Cotswold Farm Garden, Duntisbourne Abbots
Snowdrops bring a touch of sparkle to the Arts and Crafts garden at Cotswold Farm. It has over 60 types of the White Ladies, the Garden is due to open in February, but keep checking to see if there are any updates. You’ll also get gorgeous views over to the Marlborough Downs on a good day. Entry is £7.50 and in normal times you can buy your own Snowdrop bulbs here to plant at home (check ahead).
Rodmarton Manor, near Cirencester
You’ll find more than 150 species of snowdrop at at Rodmarton Manor and there are swathes of the blooms every year. Boasting eight acres and a rainbow of winter colours including some quite rare species. The stunning Arts and Crafts Grade I-listed building, located between Cirencester and Tetbury, is a gorgeous setting. It’s just £7.50 to wander around the garden and grounds, but furry friends are not allowed we’re afraid.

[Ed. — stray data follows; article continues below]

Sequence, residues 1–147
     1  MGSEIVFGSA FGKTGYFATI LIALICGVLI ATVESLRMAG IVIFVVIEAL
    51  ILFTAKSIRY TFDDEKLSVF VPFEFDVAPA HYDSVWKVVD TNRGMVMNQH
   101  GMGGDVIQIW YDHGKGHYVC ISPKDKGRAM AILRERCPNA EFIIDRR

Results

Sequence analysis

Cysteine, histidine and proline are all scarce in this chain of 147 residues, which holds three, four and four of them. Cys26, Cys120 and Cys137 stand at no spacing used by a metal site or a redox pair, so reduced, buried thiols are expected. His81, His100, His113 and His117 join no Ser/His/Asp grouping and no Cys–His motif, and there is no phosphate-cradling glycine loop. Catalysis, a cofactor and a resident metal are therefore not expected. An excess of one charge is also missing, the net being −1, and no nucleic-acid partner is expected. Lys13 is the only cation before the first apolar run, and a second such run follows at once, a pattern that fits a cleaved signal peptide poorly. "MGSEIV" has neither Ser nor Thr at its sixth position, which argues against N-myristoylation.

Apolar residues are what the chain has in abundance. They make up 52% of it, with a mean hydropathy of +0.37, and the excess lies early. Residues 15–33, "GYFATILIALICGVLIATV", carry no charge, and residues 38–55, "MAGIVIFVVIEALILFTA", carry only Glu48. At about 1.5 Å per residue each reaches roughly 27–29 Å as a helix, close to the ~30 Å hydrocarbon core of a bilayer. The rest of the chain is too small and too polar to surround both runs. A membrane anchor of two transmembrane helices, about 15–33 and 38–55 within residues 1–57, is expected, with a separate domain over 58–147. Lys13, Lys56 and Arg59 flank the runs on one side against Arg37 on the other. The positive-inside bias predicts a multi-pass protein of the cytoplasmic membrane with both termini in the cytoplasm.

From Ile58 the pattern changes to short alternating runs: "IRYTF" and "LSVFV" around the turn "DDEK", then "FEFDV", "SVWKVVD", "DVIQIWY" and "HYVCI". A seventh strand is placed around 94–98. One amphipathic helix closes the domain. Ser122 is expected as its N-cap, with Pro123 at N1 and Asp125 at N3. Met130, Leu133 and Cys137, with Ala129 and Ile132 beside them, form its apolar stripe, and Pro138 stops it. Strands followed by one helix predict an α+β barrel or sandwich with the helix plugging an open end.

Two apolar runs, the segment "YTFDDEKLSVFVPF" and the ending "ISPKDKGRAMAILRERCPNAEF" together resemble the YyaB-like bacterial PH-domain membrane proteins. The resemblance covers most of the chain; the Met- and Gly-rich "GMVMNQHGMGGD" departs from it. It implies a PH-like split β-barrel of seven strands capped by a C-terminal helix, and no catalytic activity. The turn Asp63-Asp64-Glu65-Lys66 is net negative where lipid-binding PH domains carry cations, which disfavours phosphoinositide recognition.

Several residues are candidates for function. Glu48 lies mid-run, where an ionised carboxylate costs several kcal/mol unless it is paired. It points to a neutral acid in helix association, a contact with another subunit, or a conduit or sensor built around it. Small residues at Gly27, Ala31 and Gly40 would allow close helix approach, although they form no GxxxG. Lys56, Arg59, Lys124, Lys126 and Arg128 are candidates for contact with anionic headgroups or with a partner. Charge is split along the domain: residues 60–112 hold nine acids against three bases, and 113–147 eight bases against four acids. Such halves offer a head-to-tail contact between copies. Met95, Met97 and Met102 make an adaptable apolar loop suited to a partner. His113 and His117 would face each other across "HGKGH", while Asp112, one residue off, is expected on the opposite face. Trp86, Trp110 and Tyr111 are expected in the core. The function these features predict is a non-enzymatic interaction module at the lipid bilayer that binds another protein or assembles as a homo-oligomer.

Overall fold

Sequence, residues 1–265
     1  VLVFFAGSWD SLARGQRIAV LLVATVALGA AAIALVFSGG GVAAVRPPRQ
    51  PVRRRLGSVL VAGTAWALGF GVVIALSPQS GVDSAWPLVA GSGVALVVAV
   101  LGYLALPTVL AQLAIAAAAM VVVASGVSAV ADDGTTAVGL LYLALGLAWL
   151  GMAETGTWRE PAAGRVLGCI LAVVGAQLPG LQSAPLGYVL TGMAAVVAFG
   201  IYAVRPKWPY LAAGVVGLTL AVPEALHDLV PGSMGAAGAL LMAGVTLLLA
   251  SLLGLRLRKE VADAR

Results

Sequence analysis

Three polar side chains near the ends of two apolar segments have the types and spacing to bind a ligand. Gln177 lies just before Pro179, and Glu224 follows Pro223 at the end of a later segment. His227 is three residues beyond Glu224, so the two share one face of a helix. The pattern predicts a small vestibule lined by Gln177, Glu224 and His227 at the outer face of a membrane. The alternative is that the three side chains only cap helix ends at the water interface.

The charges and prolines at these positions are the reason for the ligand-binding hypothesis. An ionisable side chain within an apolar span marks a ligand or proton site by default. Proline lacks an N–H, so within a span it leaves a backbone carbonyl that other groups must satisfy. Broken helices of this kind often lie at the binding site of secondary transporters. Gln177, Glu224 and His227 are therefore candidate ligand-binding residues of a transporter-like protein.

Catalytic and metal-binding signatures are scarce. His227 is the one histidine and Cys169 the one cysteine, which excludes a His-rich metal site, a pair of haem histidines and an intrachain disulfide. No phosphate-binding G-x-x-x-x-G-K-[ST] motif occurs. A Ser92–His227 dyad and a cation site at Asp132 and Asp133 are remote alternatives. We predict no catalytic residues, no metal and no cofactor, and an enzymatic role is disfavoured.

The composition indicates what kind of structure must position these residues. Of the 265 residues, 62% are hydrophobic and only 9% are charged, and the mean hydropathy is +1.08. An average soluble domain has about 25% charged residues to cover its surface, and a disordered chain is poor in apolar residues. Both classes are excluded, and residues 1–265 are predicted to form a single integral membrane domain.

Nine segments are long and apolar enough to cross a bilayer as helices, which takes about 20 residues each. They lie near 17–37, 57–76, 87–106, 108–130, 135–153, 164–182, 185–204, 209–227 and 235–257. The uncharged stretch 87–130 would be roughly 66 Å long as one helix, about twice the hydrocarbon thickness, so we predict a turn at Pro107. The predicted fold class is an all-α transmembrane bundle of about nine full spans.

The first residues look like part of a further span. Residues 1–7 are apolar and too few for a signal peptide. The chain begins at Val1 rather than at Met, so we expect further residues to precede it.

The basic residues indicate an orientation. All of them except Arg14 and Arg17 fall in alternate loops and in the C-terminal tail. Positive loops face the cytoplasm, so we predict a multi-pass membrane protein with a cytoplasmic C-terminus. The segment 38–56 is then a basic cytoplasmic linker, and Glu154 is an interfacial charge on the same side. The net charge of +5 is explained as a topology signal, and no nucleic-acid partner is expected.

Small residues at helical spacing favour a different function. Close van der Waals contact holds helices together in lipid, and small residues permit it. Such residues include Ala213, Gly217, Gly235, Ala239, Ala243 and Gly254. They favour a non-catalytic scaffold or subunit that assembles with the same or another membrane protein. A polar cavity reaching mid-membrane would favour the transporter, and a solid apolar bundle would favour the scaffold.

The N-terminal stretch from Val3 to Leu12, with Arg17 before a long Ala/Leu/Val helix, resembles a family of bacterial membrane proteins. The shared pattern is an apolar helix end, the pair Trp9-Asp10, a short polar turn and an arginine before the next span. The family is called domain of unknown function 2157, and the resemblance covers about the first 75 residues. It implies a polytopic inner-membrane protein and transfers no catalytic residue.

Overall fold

The animal-wonderland that is Cotswold Wildlife Park isn’t where you’d maybe expect to go for blooms, but the Winter Gardens have a whole swathe of them. The Park may be temporarily closed but we’ve included it in this guide as things are changing on a weekly basis, so if it does reopen, head here of you have kids especially. The large island beds (directions alert – between the Owls and the Emus!) have been packed with gorgeous winter blooms. You’ll find snowdrops, honeysuckle, magnolias and more.
Croome, Worcester, Worcs
There’s a wonderful show of snowdrops at Croome, as well as hundreds of acres to burn off the cabin fever. Set against an 18th century backdrop designed by Capability Brown, the gardens are currently fully open (not the house), book your ticket ahead of time (they are time-released every week) here. More than 10,000 snowdrops were planted here 10 years ago, head for the Church Shubbery to see the best.
Have we missed off your favourite walk? Tell us in the comments below.
*featured image by the RHS
Try planting your own snowdrops at home …
Type of spot: Best planted in semi-shade, in a moist, but well-drained soil with leaf mould or garden compost incorporated. It is important that the soil does not dry out in Summer.
Aftercare: Snowdrops will spread and naturalise themselves. They can be lifted and divided when clumps have become very dense.